I'm not trying to encourage you to use PD 360, per se. Every district has unique needs, and perhaps PD 360 is not the product that meets the majority of your needs (though frankly, I rather doubt that). But seek out personalized, differentiated training. Your students stand to gain an immeasurable amount of good when we as professional students have instruction of our own.

How has your professional development plan been working out? What do you like--or hate--about your current PD plan, and how could it improve? We have a lot to learn from each other. Sound off in the comments!

Tuesday, March 27, 2012

Evaluation for Continuous Learning

A Video on Job-Embedded Professional Development for Educators

Yesterday's guest blog post could not have been more perfectly timed (thanks, Mrs. Sanders!). Sanders's recent article aligns perfectly with the last free video from PD 360 for the month of March, entitled "Evaluation as a Form of Continuous Learning."

In the video, education consultant Jill Morgan from Swansea, Wales, examines evaluation as a natural extension of classroom practice and discusses the merits of formal evaluations--when done correctly.

Take a moment to watch the video, download the audio file, or read the transcript. It's all available here.

Monday, March 26, 2012

"The Deia Sanders Show" - No Talking, Please.

Post on Job-Embedded Professional Development for Teachers

 [EDITOR'S NOTE: In reply to the March 16th post, "When Job-Embedded PD Failed...Sort Of," Deia Sanders has written the following truly insightful article. I hope you enjoy her candor, but I hope even more that you may learn from it. Ladies and gentlemen, I present Deia Sanders!]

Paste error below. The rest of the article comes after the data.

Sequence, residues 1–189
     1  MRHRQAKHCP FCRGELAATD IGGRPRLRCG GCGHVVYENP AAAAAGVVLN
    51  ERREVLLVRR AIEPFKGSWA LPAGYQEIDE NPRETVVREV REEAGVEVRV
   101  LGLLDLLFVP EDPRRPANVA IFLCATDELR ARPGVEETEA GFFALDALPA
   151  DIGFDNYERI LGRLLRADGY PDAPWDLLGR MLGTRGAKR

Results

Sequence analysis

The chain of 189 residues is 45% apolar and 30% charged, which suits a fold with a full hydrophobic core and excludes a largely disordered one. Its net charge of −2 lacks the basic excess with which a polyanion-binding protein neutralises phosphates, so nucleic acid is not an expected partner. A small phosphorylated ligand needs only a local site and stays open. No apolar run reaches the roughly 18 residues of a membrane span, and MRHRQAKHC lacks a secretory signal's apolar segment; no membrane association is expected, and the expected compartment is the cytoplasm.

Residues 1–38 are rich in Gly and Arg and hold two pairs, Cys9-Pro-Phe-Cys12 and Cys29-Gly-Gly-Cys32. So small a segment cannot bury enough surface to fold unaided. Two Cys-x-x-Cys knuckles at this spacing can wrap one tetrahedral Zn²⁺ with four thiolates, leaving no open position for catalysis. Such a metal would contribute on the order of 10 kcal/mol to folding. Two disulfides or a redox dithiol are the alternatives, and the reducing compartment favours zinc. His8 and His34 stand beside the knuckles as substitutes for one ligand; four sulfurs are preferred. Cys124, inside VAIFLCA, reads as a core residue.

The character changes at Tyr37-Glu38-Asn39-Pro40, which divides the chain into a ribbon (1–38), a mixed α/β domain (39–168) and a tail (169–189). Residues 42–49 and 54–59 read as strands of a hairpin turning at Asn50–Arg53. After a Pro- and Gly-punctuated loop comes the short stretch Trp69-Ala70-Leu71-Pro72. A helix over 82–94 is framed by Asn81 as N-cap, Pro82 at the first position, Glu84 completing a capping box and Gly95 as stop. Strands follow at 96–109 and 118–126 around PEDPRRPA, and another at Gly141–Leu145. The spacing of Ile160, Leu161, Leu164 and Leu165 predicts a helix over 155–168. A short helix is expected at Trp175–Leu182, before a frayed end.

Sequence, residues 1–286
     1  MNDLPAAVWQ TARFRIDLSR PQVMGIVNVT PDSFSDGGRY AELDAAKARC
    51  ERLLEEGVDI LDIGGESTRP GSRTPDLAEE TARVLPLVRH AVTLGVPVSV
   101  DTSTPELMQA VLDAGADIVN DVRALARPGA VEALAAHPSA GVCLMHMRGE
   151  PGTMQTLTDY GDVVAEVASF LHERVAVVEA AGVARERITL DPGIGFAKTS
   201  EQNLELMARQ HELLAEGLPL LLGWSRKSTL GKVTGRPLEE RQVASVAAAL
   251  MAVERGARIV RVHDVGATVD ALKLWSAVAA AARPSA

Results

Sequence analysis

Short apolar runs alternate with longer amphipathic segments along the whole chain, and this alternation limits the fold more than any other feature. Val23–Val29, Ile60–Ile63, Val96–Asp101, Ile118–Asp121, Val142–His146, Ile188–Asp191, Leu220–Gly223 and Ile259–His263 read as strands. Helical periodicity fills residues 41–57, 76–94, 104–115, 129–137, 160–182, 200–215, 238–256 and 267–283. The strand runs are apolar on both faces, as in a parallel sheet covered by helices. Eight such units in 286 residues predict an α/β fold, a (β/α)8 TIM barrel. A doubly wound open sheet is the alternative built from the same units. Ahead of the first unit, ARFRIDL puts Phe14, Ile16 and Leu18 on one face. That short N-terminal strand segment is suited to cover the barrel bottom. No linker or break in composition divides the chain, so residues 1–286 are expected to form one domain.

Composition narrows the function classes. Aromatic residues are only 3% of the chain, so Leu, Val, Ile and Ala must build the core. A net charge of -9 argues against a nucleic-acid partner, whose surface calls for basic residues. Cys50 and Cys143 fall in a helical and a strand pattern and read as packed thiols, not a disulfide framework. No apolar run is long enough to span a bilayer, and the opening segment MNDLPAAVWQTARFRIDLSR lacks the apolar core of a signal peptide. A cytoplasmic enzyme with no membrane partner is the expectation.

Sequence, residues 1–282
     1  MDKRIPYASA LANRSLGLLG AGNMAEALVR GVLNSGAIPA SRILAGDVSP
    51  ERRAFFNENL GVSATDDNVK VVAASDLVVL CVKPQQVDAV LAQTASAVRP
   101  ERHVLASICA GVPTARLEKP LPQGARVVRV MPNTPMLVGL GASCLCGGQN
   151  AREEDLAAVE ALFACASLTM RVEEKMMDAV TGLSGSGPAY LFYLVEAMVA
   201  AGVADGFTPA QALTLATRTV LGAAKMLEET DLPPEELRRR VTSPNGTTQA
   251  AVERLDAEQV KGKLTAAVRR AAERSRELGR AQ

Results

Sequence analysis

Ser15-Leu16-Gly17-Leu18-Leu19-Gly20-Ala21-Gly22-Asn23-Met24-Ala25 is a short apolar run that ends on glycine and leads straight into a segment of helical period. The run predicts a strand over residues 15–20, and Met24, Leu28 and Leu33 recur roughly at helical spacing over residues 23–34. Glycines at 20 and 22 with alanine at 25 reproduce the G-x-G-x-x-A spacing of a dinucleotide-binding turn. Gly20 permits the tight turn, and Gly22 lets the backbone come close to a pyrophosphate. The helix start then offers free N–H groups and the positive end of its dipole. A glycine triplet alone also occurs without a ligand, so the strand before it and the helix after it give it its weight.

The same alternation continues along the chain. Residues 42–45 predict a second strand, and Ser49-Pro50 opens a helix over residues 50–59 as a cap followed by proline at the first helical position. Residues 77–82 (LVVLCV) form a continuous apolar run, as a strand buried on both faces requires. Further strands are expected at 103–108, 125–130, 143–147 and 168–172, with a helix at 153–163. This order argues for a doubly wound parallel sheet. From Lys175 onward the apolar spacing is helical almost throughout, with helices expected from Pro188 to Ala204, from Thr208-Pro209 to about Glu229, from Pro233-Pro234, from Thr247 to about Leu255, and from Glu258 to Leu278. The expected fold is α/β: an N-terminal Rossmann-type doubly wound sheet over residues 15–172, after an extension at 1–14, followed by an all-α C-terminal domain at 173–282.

Our school has been fortunate enough (though not all would call it "fortunate") to pilot the new teacher evaluation system that the state of Mississippi will be adopting in 2014. It’s lengthy, nit-picky, and some might say nearly impossible. But for students it’s changing our classes to highly engaged, thought provoking, inter-related lessons like we had not seen previously.
No Speaking image in an article about job-embedded professional development for teachers
image courtesy of
When I began teaching I had one purpose: to get my point across. I didn’t like noise, and I loved a quiet classroom where everyone was on task and listening to me.  The following year I began to loosen up a little and became comfortable with minimum talking and sometimes even let students compare answers.  It wasn’t until my third year of teaching that I realized I could ask a question and the students could discuss and come up with more answers than I had even thought of.   Before then,  I didn’t have the confidence as a classroom teacher to hand the learning over to the students.  I thought my job was to teach.  I didn’t know the students could learn more from each other than they ever did from me.  I had no idea what the next level of teaching looked like because no one had ever shown me… and for that matter, had no idea what level of teaching I was doing.  My students always grew, so we assumed there was a great deal of learning taking place, but  we never pinpointed why or how to get more out of them.
Now we have the teacher evaluation instrument that is no longer a list of boxes where you check yes or no.  It’s a deeply comprehensive evaluation that pinpoints where you are on the continuum of great teaching.  As a coach I’ve been able to use the evaluation instrument before the principal goes in for the official evaluation. I observe and nitpick as if it’s the “real deal.” Then we sit and discuss the evidence. There are multiple reasons for every ranking, and even better, I’m able to point them to what the next level of teaching says in the instrument and give them strategies for what that looks like in their classroom.  We are seeing this awareness move willing teachers fast.  It doesn’t have to take two to three years of “The Deia Sanders Show” to figure out that’s not how students learn best. We are able to move teachers forward faster, and in the end move our students!